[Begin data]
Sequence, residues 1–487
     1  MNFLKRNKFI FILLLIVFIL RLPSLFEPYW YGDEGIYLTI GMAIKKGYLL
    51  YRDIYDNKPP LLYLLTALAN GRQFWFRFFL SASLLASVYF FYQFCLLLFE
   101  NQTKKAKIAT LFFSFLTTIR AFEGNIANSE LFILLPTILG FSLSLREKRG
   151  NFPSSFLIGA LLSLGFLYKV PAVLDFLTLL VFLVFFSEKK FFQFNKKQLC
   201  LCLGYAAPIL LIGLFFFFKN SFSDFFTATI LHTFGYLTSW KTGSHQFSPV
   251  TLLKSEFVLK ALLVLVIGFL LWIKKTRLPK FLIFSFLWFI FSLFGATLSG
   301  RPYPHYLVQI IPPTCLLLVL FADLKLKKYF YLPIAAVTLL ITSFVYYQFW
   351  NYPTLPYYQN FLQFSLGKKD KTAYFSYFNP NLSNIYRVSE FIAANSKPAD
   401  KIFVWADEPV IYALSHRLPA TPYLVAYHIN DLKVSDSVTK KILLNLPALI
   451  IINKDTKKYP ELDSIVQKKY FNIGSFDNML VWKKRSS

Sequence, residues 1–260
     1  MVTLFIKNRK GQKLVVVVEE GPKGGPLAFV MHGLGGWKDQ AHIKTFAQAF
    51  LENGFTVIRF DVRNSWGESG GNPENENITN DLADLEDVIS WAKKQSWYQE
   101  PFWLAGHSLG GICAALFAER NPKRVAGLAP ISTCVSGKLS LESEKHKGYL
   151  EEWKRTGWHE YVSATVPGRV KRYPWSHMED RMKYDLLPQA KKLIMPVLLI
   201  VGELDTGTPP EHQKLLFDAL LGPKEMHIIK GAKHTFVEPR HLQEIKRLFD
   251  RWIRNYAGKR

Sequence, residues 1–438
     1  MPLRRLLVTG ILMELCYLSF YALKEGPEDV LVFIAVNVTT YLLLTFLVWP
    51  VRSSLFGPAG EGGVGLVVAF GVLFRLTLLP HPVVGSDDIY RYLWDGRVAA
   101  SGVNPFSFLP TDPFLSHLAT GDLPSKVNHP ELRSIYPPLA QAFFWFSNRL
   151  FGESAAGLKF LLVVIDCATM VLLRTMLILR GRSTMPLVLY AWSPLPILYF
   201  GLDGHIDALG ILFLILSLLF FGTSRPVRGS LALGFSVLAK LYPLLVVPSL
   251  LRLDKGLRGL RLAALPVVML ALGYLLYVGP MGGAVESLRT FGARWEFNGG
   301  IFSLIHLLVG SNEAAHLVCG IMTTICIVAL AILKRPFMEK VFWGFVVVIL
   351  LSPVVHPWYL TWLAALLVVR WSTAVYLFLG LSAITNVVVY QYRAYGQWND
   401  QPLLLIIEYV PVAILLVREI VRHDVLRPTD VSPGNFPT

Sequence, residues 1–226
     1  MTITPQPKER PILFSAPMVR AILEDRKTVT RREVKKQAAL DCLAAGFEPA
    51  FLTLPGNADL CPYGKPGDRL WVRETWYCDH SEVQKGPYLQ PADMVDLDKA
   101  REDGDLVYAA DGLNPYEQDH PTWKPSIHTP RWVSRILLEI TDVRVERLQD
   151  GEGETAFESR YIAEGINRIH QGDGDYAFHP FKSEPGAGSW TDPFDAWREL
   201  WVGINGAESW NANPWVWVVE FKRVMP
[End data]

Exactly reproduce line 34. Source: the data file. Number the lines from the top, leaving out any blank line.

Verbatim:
   201  WVGINGAESW NANPWVWVVE FKRVMP